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Democracy Matters - Episode 51: Insurrection and Sedition Explained


 
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SUMMARY: In this episode of Democracy Matters, James Madison University History and Political Science faculty experts explain the ongoing insurrection, and help us understand the events of January 6, 2021, the complicity of the president of the United States, and efforts to undermine American elections, and democratic norms and institutions.


Sedition: conspiring to overthrow the government by force.

Insurrection: a violent uprising against an authority or government.

On Wednesday, January 6, 2021 hundreds of supporters of outgoing President Donald Trump besieged the United States Capitol in a violent attempt to overturn the results of the free and fair election. Instigated by a sitting president on a co-equal branch of government and perpetrated by a mob and White nationalists intent on upholding White supremacy, the insurrection immediately followed a rally at which Donald Trump urged supporters to march to the Capitol as he repeated his false claims of voter fraud and called on Vice President Mike Pence, who would preside over a joint session of Congress certifying President-elect Joe Biden and Vice Presdient-elect Kamala Harris’ Electoral College victory, to step in and reject the election results.

Scaling walls, overcoming Capitol police, rushing doors, breaking windows, and charging through the halls of Congress, insurrectionists sat in the Senate president’s seat, put their feet up on the House speaker’s desk, ransacked congressional offices, and defaced statues. Many questions still remain about this assault on American democracy already in peril and its implications.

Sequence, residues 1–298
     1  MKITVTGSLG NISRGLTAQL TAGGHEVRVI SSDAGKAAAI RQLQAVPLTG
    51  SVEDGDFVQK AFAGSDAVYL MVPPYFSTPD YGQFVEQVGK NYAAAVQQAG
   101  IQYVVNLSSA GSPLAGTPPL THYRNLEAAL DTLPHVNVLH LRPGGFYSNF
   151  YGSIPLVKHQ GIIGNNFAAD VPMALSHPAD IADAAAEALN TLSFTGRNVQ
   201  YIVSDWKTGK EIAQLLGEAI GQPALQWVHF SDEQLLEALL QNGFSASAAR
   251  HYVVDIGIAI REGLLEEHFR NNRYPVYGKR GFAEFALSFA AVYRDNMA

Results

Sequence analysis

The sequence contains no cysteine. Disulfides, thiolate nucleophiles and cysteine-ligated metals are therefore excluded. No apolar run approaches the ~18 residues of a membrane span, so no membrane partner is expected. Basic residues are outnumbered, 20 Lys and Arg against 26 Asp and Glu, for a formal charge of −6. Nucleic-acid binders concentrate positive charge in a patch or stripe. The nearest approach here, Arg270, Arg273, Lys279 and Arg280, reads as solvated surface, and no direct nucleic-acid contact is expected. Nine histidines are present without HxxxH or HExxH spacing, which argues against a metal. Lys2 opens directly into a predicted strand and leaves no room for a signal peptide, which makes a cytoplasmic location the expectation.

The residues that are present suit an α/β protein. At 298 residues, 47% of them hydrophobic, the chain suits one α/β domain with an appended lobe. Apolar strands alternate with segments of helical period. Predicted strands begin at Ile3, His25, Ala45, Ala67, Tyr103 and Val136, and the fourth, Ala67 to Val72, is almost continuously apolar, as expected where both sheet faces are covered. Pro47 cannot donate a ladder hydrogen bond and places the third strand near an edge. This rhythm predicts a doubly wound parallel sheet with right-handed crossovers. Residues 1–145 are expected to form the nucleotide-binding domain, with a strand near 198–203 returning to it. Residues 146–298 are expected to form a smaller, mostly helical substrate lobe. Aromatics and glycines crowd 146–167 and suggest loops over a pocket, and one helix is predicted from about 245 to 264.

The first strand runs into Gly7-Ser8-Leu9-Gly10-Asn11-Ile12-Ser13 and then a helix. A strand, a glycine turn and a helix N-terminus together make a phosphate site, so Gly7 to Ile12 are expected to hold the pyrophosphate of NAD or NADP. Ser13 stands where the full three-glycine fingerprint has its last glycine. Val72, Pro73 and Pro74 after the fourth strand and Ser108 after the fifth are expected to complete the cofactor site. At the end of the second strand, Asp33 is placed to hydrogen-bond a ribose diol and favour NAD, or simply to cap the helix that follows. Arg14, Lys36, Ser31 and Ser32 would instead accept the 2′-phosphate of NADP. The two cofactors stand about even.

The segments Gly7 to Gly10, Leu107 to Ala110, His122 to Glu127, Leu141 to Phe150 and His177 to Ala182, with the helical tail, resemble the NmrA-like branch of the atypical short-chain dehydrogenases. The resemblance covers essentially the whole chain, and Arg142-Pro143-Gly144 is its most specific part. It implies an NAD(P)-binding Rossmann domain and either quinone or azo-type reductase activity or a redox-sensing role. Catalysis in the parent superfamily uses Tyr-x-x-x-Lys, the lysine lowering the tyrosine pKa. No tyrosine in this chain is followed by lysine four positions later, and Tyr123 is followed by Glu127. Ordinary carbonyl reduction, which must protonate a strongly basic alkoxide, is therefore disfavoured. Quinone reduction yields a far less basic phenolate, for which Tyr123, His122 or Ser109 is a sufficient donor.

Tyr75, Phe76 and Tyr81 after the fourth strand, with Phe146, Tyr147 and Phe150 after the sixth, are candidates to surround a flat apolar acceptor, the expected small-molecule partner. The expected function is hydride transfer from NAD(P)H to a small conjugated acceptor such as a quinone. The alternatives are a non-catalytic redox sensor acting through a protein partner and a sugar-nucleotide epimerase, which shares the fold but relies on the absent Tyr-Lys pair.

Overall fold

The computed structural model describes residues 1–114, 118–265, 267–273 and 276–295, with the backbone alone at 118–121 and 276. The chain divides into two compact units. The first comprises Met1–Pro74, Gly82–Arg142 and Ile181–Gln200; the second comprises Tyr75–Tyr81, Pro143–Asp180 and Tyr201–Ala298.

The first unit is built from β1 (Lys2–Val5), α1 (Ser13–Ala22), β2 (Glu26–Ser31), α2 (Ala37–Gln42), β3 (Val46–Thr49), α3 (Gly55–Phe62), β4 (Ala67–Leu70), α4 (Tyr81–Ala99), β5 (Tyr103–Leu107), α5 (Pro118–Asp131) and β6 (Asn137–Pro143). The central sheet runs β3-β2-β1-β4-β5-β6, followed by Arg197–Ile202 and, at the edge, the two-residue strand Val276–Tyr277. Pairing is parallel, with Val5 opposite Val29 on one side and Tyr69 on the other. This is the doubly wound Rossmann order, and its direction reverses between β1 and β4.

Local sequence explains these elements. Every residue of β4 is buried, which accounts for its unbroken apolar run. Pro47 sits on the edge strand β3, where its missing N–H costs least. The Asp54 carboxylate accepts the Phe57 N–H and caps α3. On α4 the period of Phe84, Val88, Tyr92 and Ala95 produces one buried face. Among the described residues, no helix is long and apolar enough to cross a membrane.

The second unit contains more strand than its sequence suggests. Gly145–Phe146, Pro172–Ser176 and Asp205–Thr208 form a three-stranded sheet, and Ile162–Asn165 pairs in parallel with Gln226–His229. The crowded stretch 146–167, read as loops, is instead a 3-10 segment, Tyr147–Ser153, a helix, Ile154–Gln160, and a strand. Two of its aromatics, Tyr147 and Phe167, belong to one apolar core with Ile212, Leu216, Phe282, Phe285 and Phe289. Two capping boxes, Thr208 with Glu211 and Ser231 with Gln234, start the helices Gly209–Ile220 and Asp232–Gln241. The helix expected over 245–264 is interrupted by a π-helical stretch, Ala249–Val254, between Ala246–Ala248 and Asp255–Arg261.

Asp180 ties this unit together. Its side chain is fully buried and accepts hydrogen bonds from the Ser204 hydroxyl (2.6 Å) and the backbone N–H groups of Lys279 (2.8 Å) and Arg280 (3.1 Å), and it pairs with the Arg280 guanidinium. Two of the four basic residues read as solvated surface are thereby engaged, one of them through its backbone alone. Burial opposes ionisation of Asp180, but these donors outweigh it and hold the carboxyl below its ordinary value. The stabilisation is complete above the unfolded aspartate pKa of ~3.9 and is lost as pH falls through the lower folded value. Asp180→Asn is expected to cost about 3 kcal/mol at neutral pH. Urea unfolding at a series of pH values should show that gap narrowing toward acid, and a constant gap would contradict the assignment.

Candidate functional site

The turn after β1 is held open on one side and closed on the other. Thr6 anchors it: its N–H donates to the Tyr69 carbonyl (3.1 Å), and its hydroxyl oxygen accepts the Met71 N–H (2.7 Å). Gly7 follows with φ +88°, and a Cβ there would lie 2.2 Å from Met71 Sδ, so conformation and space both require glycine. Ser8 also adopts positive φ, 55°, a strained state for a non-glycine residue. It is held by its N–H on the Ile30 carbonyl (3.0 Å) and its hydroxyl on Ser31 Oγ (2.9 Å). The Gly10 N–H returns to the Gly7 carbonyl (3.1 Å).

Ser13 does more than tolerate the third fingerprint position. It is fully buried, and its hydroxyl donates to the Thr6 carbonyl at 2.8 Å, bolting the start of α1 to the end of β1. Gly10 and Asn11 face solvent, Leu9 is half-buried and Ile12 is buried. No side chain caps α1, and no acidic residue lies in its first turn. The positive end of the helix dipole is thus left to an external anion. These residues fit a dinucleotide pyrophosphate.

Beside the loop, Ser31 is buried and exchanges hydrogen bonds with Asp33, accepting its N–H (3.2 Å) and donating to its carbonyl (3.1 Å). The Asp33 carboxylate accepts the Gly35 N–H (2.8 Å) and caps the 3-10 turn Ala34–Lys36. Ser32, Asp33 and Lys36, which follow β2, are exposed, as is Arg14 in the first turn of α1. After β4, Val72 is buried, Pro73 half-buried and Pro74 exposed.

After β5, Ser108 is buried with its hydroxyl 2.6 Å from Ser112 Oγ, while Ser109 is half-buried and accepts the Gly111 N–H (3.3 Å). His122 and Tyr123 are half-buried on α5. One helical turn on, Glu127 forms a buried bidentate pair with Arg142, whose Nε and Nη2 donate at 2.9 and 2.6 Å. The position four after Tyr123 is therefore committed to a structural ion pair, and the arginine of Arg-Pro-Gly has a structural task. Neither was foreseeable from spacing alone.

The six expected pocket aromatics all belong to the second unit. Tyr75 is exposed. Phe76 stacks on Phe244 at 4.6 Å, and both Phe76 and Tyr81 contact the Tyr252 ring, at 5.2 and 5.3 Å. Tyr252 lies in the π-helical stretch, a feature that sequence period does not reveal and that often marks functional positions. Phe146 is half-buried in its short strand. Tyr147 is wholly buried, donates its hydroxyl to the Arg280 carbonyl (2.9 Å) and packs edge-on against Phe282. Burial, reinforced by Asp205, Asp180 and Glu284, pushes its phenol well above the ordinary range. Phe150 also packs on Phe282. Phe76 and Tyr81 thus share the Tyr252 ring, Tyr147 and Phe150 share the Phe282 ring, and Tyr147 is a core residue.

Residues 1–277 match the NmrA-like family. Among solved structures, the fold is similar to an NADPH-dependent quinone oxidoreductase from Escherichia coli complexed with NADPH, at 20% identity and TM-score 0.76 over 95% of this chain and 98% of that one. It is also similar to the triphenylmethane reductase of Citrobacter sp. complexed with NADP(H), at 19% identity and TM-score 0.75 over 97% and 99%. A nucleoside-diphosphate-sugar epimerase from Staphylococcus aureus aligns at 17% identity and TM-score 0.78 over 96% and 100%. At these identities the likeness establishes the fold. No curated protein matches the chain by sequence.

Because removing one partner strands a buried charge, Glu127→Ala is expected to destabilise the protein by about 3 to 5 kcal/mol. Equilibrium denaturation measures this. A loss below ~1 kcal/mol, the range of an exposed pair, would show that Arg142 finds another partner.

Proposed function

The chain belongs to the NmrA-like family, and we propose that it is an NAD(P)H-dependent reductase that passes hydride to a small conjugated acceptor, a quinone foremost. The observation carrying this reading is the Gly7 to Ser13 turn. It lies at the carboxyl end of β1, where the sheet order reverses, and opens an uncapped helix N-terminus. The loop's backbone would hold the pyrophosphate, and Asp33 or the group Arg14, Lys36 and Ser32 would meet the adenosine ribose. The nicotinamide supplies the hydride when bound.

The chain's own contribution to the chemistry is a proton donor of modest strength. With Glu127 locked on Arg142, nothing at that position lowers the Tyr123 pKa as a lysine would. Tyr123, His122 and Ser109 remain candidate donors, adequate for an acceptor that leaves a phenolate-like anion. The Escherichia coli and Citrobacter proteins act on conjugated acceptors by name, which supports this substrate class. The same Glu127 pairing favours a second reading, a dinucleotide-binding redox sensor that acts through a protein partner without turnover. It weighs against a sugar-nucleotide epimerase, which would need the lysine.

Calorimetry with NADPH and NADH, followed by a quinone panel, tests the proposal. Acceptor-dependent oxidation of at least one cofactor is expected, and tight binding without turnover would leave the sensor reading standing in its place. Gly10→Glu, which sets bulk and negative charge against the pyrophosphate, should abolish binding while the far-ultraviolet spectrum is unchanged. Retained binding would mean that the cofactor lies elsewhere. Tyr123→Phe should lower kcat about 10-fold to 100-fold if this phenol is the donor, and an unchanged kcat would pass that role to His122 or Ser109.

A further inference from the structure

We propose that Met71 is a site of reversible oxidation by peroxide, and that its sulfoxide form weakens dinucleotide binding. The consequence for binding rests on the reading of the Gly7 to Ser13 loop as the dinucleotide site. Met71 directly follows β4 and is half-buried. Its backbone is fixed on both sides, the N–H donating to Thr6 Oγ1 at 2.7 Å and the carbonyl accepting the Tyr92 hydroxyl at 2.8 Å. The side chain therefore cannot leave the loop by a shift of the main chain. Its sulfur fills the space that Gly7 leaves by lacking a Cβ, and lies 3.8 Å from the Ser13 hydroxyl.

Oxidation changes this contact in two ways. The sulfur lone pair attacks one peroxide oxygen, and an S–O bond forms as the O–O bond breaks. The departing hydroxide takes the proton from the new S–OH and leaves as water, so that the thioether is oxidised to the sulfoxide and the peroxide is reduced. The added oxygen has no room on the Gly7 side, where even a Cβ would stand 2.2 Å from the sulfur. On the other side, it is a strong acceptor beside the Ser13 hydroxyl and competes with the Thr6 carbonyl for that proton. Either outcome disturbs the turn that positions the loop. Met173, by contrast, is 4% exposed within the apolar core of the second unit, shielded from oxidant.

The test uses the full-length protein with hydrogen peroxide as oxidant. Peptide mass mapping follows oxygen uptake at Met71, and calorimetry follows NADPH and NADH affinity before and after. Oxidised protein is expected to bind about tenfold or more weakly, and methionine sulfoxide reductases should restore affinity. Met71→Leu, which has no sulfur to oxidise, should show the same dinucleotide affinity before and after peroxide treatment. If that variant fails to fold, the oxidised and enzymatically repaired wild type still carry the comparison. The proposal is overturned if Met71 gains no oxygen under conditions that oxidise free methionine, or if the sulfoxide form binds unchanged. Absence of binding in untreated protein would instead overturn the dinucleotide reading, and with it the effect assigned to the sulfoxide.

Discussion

In this episode of Democracy Matters, James Madison University History and Political Science faculty experts explain the ongoing insurrection, and help us understand the events of January 6, 2021, the complicity of the president of the United States, and efforts to undermine American elections, and democratic norms and institutions.

JMU Faculty experts in this episode: 

  • Dr. Melinda Adams, Associate Dean, College of Arts and Letters, Political Science
  • Dr. Rebecca Brannon, History
  • Dr. Tim LaPira, Political Science
  • Grace Wilson, MLIS, JMU Libraries

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Published: Wednesday, January 13, 2021

Last Updated: Thursday, January 28, 2021

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